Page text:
Chief information security officers (CISO) should take a note from advertisers such as McDonald’s and make security awareness fun and rewarding, according to one security expert.|
Speaking at the Gartner Security and Risk Management Summit in Sydney, Gartner US research vice president, Andrew Walls, told delegates that traditional security education programs do not work as people remember messages through entertainment rather than sitting in a room and “beaten over the head with a PowerPoint presentation.”
According to Walls, advertisers such as McDonald’s use messages to make sure everyone knows and remembers their product or service.
“Simply being aware of security risks is a waste of time because people don’t remember the risks,” he said.
“The security program has to be attractive and the user motivated to select the right choice.” Walls provided the following four tips for CISOs and IT executives when drafting a security awareness program.
According to Walls, security managers should pick two or three security behaviours that they want to change in their organisation such as `don’t click on phishing emails’, `don’t leave your computer workstation unlocked when you leave the desk’ and `don’t share your login details with another worker.’ “That’s the first nine months to a year of your awareness program. You have to work on specific behaviours, get them imbedded in the population, sustain them and then you can add more security behaviours over time,” he said.
Instead of blocking social media in the workplace, Walls suggested that security managers should push out security messages over social networking sites such as Twitter or Facebook.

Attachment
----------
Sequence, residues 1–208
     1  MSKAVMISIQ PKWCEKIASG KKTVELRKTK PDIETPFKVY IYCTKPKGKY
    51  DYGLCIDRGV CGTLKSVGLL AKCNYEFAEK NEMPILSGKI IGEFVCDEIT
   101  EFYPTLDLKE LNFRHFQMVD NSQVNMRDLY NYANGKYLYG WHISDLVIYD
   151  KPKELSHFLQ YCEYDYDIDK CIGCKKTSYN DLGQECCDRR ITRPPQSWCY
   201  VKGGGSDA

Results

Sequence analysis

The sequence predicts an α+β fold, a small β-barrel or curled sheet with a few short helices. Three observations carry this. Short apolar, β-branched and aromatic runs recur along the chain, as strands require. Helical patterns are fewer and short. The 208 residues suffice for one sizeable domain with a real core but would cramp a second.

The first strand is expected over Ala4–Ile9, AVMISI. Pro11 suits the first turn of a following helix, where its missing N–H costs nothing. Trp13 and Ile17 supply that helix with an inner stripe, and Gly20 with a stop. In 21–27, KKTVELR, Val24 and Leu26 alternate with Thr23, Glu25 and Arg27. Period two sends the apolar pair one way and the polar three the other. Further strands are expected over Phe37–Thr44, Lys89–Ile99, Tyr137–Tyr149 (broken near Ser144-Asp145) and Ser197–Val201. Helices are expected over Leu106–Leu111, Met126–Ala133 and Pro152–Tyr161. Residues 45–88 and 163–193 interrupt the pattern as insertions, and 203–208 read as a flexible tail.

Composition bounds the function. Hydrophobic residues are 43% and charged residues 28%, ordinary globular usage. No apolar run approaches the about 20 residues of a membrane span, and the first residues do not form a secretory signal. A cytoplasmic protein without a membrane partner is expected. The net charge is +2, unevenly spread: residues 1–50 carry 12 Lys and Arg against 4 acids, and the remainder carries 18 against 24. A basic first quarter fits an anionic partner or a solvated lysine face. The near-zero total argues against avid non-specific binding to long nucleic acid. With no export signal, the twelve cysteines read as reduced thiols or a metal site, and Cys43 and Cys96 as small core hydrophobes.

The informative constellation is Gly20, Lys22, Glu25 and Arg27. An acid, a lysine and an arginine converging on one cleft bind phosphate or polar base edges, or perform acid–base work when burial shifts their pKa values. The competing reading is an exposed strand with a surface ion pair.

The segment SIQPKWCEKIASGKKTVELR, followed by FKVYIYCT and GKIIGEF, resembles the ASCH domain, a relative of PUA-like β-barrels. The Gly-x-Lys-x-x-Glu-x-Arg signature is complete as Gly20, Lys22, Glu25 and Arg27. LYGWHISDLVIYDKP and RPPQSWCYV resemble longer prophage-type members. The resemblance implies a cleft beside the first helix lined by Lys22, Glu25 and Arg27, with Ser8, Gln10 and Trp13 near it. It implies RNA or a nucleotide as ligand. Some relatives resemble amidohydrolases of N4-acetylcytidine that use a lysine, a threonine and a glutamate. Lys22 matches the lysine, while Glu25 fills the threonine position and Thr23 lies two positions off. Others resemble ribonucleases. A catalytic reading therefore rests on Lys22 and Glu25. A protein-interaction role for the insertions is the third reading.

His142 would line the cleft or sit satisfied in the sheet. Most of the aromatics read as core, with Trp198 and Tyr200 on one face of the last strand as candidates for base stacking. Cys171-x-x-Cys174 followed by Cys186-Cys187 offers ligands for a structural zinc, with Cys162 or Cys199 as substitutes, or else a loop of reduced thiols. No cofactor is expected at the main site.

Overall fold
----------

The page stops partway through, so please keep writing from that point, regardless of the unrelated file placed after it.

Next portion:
“It’s a fantastic communications medium, if all your people are spending time on social media, why aren’t you talking to them on it?” he said.
“I work with a CISO who every Friday records a five minute video chatting about what was interesting in security that week and he posts it on YouTube. That company has over 60 per cent of employees hitting that video every week to watch it voluntarily.”
Instead of a costly security training session, Walls said this method involves a few minutes of the CISO’s time and an upload to YouTube.
According to Walls, security managers could use their company Web proxy as a security awareness tool. For example, if the user tried to access a blocked site, the proxy could redirect them to an internal security awareness site for an explanation of why certain sites are blocked. “Offer content, quizzes and other information to explain and reinforce your security policy,” he said.
Some security vendors were offering tools which re-direct users away from phishing emails to educational games so the person gets rewarded for choosing the right security options, said Walls.
“PhishMe has had enough success with their gaming approach that they are seeing employees come back to the game intentionally to play it,” he said.
“They are learning about security but at no point are the employees dragged into a boring training session.”
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